Interview with Philippe de Buck, director-general of BusinessEurope
“Europe is a means,” says EESC presidential hopeful
By Gaspard Sebag | Wednesday 13 June 2012
Philippe de Buck, due to retire at the end of the year from BusinessEurope after having headed the industrial and employers’ federations for the last ten years, is campaigning to become the next president of the European Economic and Social Committee (EESC). His goal: enhance the role of the committee. To do so, he puts forward his track record and credibility in the business sector, both of which have put him in direct contact with European decision makers. Driving the economy forward should be Europe’s top priority, says de Buck. In this respect, he believes the EESC can bring a “reality check” on decisions taken at the highest level.
Why are you interested in becoming the next EESC president?
Because in the present circumstances there is a need to reinforce the role of the Economic and Social Committee, on the one hand, but also to present a representative from the business community with a track record and a visibility and a capacity to change things. What I can offer to my colleagues and to the committee is my credibility. What I can also bring is good personal relationship with the leaders.
What is your programme?
The programme will be put together with the colleagues from the committee. I’m not here with a full-fledged programme that I will impose. There is a lot of work done within the EESC but it is not really being used outside the committee.
That seems to be one of the central problems of the EESC. How would you make its voice heard?
By working with the people who are the decision makers: the Commission, the Parliament and the Council. You have to have somebody at the helm of the committee who can do that. After 40 years at national and European level in the business community I think that my track record is certainly something that can be useful.
The second point is that we have to streamline our messages. The EESC has to give an opinion on almost everything but what we should bring out as civil society are the key points to drive Europe [ahead], [to drive] the interest of the citizens but also the economy and the employment forward.
We are in an unprecedented crisis, we are in Europe in a confidence crisis. How can we make the economy grow? This should be the first priority. It’s not about more Europe or less Europe, “it’s about the economy, stupid”. We from the employers’ side can bring something. Of course we’ll have to discuss this - and I have done that all my life – with the trade unions, with the consumers, with the NGOs, with all the partners… in order to achieve something together but knowing that the starting point for the social dialogue, for the social model, for the education, for the family, is the economy. If that is understood we can make some progress.
How do you restart the economy?
There is a short-term plan and a longer-term plan. We have a lack of confidence in the institutions, we have a lack of confidence in the currency and there is a lack of confidence in the financial sector. When you have that you will never create the conditions for growth because nobody will invest.
We have to start to create confidence in the institutional capacity to take decisions. Secondly, we have to safeguard and reinforce the euro. Thirdly, we have to create all the conditions in order to maintain the capacity of the financial sector to invest in our economy. That is the short term. That is a very difficult part.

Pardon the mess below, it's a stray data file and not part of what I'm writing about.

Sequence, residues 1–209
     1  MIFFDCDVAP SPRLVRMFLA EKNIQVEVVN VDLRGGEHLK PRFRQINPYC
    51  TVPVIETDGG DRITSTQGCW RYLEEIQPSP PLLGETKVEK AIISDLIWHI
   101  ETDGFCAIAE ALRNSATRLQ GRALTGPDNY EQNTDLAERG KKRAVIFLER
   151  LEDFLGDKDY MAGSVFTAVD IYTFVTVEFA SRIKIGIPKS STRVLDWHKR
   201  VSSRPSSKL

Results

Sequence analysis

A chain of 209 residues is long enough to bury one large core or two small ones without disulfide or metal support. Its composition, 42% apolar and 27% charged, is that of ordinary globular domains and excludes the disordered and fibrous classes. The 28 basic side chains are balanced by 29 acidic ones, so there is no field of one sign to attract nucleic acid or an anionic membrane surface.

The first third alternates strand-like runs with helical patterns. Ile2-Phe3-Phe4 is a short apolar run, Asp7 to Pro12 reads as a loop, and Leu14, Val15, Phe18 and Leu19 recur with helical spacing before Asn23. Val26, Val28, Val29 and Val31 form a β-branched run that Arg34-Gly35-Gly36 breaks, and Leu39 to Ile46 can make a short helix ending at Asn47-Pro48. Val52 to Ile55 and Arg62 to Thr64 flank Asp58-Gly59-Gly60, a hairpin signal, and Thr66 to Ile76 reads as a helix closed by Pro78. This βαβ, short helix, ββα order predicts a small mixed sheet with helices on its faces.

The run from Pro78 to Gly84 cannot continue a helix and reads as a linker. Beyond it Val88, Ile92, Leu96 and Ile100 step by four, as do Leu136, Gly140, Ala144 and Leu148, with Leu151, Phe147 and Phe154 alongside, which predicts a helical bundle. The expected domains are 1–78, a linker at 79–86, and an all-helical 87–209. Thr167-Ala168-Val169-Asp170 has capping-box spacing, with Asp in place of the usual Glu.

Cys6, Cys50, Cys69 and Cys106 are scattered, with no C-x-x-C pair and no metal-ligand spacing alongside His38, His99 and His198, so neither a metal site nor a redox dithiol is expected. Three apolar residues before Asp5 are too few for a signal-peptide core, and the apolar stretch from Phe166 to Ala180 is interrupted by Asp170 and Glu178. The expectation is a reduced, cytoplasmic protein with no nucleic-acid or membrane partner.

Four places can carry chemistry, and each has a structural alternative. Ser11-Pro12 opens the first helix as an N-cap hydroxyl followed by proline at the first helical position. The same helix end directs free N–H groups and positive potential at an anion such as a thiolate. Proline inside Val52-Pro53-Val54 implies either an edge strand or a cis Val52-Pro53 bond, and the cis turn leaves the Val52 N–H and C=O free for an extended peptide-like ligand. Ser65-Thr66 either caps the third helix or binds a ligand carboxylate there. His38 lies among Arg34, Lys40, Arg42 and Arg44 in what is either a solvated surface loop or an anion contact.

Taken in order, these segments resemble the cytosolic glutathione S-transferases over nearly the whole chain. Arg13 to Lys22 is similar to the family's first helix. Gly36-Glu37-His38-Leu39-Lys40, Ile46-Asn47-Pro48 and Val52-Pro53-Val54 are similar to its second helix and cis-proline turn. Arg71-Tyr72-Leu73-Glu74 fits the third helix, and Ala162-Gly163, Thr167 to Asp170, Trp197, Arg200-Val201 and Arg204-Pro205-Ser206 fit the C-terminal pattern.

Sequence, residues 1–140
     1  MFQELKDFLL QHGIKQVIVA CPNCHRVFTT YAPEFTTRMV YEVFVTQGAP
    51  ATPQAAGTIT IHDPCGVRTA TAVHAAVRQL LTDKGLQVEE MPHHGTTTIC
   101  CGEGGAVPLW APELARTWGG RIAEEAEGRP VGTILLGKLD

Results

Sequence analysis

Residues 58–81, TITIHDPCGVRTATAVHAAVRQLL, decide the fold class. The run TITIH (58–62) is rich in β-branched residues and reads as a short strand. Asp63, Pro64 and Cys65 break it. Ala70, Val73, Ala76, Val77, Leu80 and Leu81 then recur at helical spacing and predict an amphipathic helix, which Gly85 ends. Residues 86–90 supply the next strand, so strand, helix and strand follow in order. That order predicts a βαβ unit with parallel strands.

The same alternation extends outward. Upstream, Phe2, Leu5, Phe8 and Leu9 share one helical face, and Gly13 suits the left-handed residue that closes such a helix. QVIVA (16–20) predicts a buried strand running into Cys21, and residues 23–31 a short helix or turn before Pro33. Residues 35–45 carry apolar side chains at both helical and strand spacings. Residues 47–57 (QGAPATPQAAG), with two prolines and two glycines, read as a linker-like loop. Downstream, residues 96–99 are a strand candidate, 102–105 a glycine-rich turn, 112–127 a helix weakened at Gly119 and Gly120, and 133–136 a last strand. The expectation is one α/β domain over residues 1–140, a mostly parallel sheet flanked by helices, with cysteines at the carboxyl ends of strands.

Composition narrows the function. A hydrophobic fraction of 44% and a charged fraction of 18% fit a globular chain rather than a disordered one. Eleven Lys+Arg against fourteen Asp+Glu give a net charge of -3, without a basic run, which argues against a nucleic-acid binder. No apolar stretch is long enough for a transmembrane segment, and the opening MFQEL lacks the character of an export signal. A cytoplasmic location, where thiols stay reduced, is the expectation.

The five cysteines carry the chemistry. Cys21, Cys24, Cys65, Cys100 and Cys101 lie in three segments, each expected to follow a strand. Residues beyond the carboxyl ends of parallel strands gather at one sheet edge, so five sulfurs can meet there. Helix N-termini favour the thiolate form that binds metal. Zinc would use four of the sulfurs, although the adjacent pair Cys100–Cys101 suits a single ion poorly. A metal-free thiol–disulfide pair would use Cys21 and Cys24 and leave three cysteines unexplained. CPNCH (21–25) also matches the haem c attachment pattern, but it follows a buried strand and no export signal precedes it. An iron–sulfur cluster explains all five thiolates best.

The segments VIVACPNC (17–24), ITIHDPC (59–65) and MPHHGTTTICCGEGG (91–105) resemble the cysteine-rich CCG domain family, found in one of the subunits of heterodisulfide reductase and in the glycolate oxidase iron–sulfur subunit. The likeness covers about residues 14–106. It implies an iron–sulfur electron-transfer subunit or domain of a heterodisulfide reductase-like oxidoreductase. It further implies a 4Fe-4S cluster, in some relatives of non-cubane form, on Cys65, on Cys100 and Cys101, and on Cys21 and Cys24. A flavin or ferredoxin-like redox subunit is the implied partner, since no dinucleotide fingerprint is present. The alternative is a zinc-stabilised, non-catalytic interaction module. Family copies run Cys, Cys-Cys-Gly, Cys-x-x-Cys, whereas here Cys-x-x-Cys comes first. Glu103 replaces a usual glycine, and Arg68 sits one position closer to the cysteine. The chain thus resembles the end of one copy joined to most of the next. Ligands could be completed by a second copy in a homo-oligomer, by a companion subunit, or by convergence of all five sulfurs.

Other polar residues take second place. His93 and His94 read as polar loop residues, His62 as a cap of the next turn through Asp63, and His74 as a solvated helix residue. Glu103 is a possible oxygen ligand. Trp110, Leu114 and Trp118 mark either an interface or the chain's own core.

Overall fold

Then comes the longer-term programme. Where are the conditions for investments? There are areas where without any public money you can create those conditions.
No. Through predictable policies: in energy, in climate, in the Digital Agenda.
What is the road map for energy, which is a key driver of the economy, between now and 2020 or 2030? That is what we should talk about. How do we create the real conditions for an internal market for energy? People are waiting for that. Instead of putting all kinds of burdens on them let’s create the conditions of development.
So there is a need to lift certain legislative restrictions?
Yes. Politicians always think that legislation will drive growth. It’s not true. It’s the technology, the market, the demand that boosts the economy. It is necessary to change the mindset of bureaucracy at the European level.
By boosting research and innovation?
Yes. There is also need to reconsider the role of universities. There’s a lot to do there.
How would you make citizens interested in the EU?
Citizens are not interested in Europe as an abstract concept. They are interested in real life. To make progress, to find a job… They are looking for solutions. In absence of feedback from the public - and with few European media outlets - I think Europe’s leaders are in dire need of the EESC to serve as a ‘caisse de résonance’ [sounding board - Ed] to help them understand what is going on in society. My fear is that European leaders are a little bit disconnected from reality. The EESC can perform a reality check on their decisions. This would be an important ‘democratic plus’.
The Brussels scene is rather polite. Can the EESC introduce a new approach, a more critical one?
My colleagues here at BusinessEurope know that I hate one expression used very often, that is ‘we welcome, we welcome, we welcome…’ We must dare to urge and ask but we have to do it in a responsible way. We also have to give, to commit, to achieve. And businesses also have to do that.
I’m not here to say Europe, Europe, Europe. I’m not here to say I’m passionate about Europe. I’m passionate about the economy, about social development, about education - and Europe is a means. But not only at European level. For me there should be more Europe at national level in the implementation of what is decided at the European level.